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Sergio Marchionne Photo: Supplied
 
 
David McCowen | Jul, 23 2018 | 0 Comments

Sergio Marchionne has stepped down as the chief executive of Fiat Chrysler Automobiles and Ferrari. 

Marchionne suffered unexpected complications following shoulder surgery earlier in July, and is unable to return to work.

A statement released by FCA outlined “profound sorrow” felt by key leadership following his illness, underlining the “extraordinary contribution, both human and professional, that he has made to the Company in these years”.

John Elkann, chieftain and chief executive of the Exor investment group which holds significant shares in FCA and Ferrari, released a statement on Sunday saying “I am profoundly saddened to learn of Sergio’s state of health”.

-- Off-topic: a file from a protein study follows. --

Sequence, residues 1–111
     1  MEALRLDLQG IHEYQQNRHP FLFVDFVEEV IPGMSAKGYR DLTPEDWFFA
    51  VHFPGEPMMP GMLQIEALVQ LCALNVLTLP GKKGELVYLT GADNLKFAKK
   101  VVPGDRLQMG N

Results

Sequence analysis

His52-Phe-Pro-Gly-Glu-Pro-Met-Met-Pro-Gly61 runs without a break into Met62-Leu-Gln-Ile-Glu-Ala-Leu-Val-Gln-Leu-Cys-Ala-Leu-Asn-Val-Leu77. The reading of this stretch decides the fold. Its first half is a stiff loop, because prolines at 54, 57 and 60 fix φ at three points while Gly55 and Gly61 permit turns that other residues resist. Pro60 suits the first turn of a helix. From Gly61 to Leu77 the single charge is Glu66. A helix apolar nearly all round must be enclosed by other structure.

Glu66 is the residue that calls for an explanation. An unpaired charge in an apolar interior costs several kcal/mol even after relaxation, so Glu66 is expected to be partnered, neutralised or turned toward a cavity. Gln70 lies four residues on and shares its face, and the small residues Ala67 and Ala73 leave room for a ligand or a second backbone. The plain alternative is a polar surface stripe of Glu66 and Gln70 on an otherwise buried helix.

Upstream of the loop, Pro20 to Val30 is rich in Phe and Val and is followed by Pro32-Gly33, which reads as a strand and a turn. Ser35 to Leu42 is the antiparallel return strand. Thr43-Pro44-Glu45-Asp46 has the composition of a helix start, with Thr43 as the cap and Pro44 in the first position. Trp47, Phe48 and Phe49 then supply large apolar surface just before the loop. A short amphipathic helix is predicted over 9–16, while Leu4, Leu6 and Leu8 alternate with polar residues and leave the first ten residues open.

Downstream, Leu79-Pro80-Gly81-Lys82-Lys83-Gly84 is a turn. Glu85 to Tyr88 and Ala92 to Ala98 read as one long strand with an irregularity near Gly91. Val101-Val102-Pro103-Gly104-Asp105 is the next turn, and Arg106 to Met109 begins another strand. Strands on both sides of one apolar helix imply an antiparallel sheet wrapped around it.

“It is a situation that was unthinkable until a few hours ago, and one that leaves us all with a real sense of injustice,” he said.

“For so many, Sergio has been an enlightened leader and a matchless point of reference.

“For me, he has been someone with whom to share thoughts and in whom to trust, a mentor and above all a true friend.”

The charismatic leader became chief executive of Fiat in 2004, oversaw the merger of Fiat and Chrysler in 2014, and split off iconic Italian supercar marque Ferrari as a seperate concern in 2015.

Marchionne supervised much of the modern success of Jeep and was core to the revival of Maserati and Alfa Romeo, pushing for cars such as the Giulia sedan and Stelvio SUV, along with next-generation models including a mid-engined Lamborghini rival.

Jeep and RAM chief executive Mike Manley has succeeded Marchionne as the overarching boss at FCA.

Ferrari board member Louis Camilleri is the new chief executive of the brand, a role he will fulfil in parallel with a position as chairman of Phillip Morris, parent company to the Marlboro tobacco brand.

 

 

 

 

 
Filed under Chrysler fca Fiat Jeep
 
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